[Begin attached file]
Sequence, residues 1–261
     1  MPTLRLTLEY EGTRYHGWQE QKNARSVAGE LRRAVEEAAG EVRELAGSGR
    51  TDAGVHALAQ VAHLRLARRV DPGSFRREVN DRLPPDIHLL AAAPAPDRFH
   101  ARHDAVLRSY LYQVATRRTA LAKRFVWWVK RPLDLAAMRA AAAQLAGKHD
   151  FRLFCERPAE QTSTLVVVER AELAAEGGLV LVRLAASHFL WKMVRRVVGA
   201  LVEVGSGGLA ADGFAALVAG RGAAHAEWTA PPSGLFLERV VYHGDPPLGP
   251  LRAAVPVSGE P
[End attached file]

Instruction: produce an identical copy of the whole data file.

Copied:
Sequence, residues 1–261
     1  MPTLRLTLEY EGTRYHGWQE QKNARSVAGE LRRAVEEAAG EVRELAGSGR
    51  TDAGVHALAQ VAHLRLARRV DPGSFRREVN DRLPPDIHLL AAAPAPDRFH
   101  ARHDAVLRSY LYQVATRRTA LAKRFVWWVK RPLDLAAMRA AAAQLAGKHD
   151  FRLFCERPAE QTSTLVVVER AELAAEGGLV LVRLAASHFL WKMVRRVVGA
   201  LVEVGSGGLA ADGFAALVAG RGAAHAEWTA PPSGLFLERV VYHGDPPLGP
   251  LRAAVPVSGE P